You can prepare the wild rice stuffing a day or two in advance kept covered in the refrigerator then bake in the oven when needed. This recipe is easily scaled up or down as needed.
- 4-5 onions around 2- 2 ½ lbs (1 kg
- 1 cup (3 oz / 87 g) walnuts
- 8 TB (113 g) butter, divided one stick
- 1 ¼ lb (575 g) assorted wild mushrooms like crimini and shiitake stemmed and sliced
- 3 TB chopped fresh thyme
- 1 tsp Kosher salt divided
- 2 TB (30 ml) Brandy or Dry Sherry optional
- 5 cups (750 ml) vegetable or chicken stock
- 3 tsp fresh sage minced
- 1 1/3 cup (226 g / 8 oz) wild rice
- 1 ¼ cup (245 g / 8.5 oz) long grain white rice
- 1 cup (123 g) dried cranberries
- 2 tsp fresh rosemary minced
- 6 -8 large sprigs of Italian Parsley
Peel and slice the onions in half lengthwise then thinly slice each half in half-moons. Set aside.
Heat a heavy-duty skillet over high heat, to just before smoking hot. Toast the walnuts in the hot skillet. Keep the walnuts moving and jumping around the skillet so they do not brown and burn. The walnuts are toasted when you get a nutty aroma and the skillet seems shinier from the oils released from the walnuts, about 2-3 minutes. Immediately turn off the heat and tip the walnuts onto a plate to cool. Set aside.
Melt 4 TB (56 g) butter in a large pot or skillet over medium-high heat. Once the butter stops sizzling, add the onions slices and turn down the heat to medium-low. Stir to coat the onions with butter and cook the onions until caramelized about 30 minutes or longer. It is important to caramelize the onions slowly otherwise they will burn. Stir the onions every now and then to make sure the onions do not stick to the bottom of the pan and burn. The browner you let the onions get the more flavor they bring to the wild rice stuffing. Add in a pinch of Kosher salt.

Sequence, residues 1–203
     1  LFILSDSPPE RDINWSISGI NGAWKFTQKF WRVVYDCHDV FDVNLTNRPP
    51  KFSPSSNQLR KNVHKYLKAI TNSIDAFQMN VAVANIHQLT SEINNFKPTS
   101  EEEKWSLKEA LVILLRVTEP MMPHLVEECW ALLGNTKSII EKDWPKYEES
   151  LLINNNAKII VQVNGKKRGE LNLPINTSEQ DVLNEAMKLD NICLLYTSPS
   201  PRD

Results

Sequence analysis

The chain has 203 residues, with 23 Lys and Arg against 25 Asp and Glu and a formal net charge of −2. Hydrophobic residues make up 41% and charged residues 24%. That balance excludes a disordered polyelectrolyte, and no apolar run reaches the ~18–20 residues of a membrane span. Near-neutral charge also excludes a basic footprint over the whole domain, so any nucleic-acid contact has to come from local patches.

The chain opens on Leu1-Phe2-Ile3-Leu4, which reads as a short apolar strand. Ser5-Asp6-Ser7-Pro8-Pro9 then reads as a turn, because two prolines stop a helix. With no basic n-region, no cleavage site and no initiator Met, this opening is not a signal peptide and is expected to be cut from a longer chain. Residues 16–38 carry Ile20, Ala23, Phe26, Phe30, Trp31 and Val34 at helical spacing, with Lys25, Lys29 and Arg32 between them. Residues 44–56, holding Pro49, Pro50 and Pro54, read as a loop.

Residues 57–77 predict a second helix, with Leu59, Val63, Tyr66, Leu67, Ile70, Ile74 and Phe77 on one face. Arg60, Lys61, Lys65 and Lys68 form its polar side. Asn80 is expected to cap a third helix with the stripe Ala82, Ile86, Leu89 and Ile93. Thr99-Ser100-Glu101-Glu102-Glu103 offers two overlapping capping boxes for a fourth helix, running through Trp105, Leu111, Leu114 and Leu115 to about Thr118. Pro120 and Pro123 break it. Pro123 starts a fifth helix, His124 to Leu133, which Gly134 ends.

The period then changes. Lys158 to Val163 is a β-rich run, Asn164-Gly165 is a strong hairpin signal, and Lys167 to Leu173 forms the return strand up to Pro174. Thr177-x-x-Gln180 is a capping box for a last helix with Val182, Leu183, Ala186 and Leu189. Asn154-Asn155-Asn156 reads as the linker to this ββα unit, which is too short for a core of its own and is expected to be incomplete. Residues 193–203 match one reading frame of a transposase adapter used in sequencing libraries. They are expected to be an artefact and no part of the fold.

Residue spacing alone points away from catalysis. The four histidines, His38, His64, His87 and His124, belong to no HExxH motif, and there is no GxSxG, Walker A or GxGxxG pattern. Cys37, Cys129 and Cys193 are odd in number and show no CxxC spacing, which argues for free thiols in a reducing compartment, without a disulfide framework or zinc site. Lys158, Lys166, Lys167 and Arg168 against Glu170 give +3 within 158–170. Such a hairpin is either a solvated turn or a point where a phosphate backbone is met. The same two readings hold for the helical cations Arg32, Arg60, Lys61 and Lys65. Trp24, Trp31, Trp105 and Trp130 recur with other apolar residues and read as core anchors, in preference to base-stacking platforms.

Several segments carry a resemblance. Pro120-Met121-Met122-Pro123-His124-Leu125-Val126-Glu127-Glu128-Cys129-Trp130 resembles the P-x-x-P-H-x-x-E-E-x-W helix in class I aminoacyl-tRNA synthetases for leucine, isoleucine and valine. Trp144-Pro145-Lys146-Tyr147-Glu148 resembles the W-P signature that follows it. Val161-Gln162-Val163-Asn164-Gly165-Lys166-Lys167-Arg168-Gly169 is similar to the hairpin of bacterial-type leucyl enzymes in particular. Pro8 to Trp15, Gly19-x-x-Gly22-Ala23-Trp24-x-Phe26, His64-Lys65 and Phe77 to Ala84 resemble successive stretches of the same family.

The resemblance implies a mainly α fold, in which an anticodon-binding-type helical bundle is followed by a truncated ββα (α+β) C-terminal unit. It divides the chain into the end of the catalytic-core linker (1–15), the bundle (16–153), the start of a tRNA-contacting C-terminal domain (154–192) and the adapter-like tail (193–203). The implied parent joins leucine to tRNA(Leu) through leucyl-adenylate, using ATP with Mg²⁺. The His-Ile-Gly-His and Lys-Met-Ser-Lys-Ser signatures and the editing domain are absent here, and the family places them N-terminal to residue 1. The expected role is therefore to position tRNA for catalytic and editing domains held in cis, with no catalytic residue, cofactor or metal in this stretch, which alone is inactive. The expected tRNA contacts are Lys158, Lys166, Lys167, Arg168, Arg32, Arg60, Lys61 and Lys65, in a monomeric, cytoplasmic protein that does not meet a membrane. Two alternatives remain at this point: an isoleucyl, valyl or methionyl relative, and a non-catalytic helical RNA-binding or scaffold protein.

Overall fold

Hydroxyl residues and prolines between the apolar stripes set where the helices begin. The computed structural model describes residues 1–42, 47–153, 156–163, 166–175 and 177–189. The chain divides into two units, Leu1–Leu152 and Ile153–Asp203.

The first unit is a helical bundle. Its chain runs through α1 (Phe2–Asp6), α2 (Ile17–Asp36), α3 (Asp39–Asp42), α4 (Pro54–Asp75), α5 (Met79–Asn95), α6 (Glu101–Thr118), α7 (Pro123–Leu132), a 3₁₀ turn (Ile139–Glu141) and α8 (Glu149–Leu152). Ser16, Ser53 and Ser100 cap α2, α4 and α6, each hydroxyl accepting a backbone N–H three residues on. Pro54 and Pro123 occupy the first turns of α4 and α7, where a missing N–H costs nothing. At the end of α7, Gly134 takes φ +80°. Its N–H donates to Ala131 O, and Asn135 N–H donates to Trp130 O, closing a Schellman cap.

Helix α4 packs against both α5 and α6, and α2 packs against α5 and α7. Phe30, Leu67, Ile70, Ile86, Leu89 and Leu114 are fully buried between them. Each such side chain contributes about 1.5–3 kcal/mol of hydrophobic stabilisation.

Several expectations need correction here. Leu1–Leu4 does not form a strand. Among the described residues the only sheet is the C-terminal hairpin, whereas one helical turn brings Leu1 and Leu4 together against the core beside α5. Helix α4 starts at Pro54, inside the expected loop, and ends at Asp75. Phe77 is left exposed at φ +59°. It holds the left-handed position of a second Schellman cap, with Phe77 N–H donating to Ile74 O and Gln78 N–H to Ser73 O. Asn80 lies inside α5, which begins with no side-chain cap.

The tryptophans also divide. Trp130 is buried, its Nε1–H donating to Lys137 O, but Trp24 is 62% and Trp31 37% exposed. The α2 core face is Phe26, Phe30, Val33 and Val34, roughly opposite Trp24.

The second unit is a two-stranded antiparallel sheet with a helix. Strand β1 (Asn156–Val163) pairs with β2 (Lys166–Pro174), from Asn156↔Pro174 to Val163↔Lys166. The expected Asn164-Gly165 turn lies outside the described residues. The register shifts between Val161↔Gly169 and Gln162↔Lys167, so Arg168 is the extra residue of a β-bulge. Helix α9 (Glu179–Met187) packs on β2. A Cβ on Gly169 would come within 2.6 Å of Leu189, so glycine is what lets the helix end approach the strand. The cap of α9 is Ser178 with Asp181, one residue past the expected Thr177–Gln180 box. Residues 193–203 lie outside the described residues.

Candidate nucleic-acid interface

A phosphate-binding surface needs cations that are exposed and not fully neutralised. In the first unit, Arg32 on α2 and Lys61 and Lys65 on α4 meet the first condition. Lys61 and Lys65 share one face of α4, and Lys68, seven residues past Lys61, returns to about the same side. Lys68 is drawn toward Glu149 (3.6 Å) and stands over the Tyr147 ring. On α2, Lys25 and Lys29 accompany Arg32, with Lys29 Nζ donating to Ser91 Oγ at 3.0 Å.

Once the onions are caramelized, scrape them into a bowl and set aside. Place the pot or sauté pan back on the stove with the heat up to medium-high.
Melt the remaining 4 TB (56 g) butter then add the mushrooms, pinch of the Kosher salt, and 1 tsp minced thyme. Stir to coat the mushrooms with butter, then sauté until the mushrooms release their liquid and cooked all the way through. There are too many mushrooms in on pot for them to brown, but if you get some browning on the mushroom all the better as it adds flavor. Add the brandy or sherry (optional), and cook until the liquid is almost evaporated. Add the mushrooms to the bowl with the onions.
Meanwhile, while the onions and mushrooms are cooking, heat up the stock with 2 tsp minced sage and 1 TB thyme and remaining Kosher salt in a large Dutch Oven with at least a 5 qt capacity to a boil. Add the wild rice and bring back to a boil, then cover the pot and turn down the heat to a simmer. Simmer for 25 minutes.